- a summary and analysis of IDEA Section 618 data at the national level;
- a summary and analysis of IDEA Section 618 data at the State level;3
- a summary and analysis of the U.S. Department of Education’s (Department’s) findings and determinations regarding the extent to which States are meeting the requirements of IDEA, Part B and Part C;
- a summary of special education research conducted under Part E of the Education Sciences Reform Act of 2002;
- a summary of national special education studies and evaluations conducted under Section 664(a) and (c) of IDEA; and
- a summary of the extent and progress of the assessment of national activities, which focus on determining the effectiveness of IDEA and improving its implementation.
The content of this report differs from that of the 40th Annual Report to Congress, 2018 in several ways. The most recent data presented in this report represent the following applicable reporting periods: fall 2017, school year 2016–17, or a 12-month reporting period during 2016–17. Where data are presented for a 10-year period, the oldest data are associated with fall 2008. Due to changes in the Children with Disabilities [IDEA] Early Childhood and Children with Disabilities [IDEA] School Age data collection file specifications, the data collection terms limited English proficient students and LEP students have been replaced with the term English learner(s), when referring to data collected in the 2017–18 school year. When referring to data collected prior to the 2017–18 school year, the terms limited English proficient students and LEP students are still used in this report. All three terms have the same underlying meaning and have been used for the same data collection purposes.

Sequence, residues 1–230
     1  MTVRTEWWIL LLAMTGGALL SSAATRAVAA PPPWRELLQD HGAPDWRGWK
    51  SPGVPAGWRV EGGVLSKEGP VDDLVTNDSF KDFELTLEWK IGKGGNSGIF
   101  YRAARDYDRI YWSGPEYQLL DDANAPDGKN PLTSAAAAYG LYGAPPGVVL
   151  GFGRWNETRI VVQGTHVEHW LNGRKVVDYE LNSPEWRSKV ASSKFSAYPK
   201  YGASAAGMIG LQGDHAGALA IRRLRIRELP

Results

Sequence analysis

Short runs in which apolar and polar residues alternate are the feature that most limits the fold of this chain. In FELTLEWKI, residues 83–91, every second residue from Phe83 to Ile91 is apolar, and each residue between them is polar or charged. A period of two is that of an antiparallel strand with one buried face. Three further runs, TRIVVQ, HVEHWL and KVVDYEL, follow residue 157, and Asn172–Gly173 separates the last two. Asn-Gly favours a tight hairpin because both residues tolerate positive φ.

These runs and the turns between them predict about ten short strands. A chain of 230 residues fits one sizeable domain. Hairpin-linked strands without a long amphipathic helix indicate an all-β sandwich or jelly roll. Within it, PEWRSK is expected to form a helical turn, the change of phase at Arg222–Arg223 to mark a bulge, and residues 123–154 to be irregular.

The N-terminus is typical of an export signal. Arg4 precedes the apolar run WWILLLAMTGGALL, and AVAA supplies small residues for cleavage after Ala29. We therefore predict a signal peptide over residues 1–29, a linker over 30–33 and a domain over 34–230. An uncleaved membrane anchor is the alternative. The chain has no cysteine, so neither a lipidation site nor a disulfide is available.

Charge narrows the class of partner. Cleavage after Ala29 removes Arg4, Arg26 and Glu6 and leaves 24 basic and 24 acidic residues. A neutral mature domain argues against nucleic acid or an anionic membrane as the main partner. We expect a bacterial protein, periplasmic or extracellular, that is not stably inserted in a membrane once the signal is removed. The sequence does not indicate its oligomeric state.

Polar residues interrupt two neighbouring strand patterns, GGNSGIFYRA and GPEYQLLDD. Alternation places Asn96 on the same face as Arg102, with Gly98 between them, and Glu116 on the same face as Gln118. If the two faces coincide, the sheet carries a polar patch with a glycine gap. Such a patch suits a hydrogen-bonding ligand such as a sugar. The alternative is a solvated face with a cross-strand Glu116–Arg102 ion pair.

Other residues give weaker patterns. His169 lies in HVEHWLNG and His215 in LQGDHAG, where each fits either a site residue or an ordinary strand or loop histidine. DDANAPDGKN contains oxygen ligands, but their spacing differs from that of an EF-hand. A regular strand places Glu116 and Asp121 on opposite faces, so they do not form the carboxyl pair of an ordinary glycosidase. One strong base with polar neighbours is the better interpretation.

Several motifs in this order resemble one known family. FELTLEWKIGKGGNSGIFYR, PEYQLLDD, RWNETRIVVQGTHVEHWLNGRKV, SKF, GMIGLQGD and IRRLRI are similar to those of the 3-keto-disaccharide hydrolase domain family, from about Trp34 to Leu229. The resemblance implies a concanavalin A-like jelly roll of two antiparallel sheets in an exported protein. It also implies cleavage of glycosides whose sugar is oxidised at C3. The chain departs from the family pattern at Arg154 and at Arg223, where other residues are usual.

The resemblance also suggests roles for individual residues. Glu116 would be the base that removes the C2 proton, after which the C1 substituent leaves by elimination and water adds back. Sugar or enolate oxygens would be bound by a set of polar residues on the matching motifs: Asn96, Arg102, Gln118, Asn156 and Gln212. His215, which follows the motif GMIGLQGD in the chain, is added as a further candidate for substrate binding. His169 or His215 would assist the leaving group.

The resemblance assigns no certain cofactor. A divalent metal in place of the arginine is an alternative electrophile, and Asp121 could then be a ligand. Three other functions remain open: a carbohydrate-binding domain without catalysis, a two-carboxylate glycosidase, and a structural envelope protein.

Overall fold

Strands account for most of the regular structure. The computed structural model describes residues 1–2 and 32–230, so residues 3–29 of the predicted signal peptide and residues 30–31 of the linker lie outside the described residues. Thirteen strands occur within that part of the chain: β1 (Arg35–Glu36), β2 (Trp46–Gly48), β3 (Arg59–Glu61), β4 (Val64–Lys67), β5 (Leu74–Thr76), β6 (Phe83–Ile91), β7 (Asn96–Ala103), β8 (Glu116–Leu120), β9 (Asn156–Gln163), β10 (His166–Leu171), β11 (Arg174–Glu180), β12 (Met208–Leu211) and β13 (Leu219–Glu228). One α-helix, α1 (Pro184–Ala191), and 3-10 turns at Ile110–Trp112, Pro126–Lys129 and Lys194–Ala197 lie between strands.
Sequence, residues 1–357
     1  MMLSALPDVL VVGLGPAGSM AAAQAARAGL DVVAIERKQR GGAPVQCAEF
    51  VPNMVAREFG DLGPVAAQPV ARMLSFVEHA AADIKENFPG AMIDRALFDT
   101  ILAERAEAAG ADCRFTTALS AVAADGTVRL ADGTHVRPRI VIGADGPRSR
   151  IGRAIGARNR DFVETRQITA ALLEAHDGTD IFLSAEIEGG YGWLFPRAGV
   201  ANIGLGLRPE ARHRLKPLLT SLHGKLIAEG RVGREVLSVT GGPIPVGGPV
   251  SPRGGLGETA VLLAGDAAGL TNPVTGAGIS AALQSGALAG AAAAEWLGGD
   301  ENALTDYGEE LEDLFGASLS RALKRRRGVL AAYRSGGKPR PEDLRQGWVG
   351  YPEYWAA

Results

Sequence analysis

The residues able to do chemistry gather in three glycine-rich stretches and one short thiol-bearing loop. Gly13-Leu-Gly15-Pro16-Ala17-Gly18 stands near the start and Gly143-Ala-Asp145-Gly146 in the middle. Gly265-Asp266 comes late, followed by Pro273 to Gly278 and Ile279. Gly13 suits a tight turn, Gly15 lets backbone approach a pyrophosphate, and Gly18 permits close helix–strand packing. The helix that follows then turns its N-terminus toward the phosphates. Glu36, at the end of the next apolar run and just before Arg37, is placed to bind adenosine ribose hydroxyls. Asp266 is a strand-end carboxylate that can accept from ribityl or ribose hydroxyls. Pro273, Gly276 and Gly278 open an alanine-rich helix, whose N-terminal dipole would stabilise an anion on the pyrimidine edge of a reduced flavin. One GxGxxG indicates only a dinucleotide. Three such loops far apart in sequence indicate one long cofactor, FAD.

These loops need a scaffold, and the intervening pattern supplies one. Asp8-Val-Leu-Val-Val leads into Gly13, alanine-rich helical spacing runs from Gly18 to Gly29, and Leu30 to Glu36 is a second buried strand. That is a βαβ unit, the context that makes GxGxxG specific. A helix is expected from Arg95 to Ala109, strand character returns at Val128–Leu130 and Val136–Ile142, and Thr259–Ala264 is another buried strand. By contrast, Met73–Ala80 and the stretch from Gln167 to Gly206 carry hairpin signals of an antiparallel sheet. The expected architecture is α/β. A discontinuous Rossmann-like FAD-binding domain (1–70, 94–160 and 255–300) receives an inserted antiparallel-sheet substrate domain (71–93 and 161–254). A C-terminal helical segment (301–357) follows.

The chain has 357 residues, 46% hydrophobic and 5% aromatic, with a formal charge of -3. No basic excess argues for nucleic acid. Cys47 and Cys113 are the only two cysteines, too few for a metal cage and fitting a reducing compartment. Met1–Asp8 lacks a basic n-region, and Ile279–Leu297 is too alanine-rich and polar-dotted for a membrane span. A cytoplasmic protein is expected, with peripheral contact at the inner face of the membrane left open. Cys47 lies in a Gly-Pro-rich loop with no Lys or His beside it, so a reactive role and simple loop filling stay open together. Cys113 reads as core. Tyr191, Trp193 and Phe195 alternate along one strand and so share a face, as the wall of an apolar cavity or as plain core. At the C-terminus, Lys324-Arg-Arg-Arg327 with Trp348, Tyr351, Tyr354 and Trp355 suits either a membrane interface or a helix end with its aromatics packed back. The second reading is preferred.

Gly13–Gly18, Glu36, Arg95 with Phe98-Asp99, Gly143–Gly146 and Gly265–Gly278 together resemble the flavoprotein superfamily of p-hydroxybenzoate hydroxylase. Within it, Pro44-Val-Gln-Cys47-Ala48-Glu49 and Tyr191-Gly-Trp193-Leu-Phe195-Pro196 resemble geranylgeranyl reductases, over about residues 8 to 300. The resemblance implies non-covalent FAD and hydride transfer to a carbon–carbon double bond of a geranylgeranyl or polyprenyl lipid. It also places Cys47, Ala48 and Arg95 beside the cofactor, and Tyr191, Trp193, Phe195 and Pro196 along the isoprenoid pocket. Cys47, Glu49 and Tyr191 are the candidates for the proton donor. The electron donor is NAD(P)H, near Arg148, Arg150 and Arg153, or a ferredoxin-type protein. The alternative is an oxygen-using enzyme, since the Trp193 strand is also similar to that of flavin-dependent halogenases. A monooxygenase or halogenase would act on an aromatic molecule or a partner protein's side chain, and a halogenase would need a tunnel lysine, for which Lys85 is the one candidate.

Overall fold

A summary of each of the six sections and three appendices that make up the 41st Annual Report to Congress, 2019 follows.
1 The year in the title reflects the U.S. Department of Education’s target year for submitting the report to Congress. The most current data in this report were collected from July 2016 through December 2017. These data have been available to the public prior to their presentation in this report. Subsequent references to this report and previously published annual reports will be abbreviated as the “XX Annual Report to Congress,” and will not include “on the Implementation of the Individuals with Disabilities Education Act.”
2 A State may elect to make Part C services available to infants and toddlers with disabilities beyond age 3, consistent with IDEA Sections 632(5)(B) and 635(c) and 34 Code of Federal Regulations (C.F.R.) § 303.211. Data on these children are included in the annual reporting requirements for Part C under IDEA Sections 616, 618, and 642.
3 Section 618 data consist of:
- the number of infants and toddlers served under IDEA, Part C; the settings in which they receive program services; information on the transition at age 3 out of Part C; and dispute resolution information under IDEA Part C; and
- the number of children and students served under IDEA, Part B; the environments in which they receive education; their participation in and performance on State assessments; information on their exiting special education services; the personnel employed to provide educational services to them; disciplinary actions that affect them; and dispute resolution information under IDEA, Part B.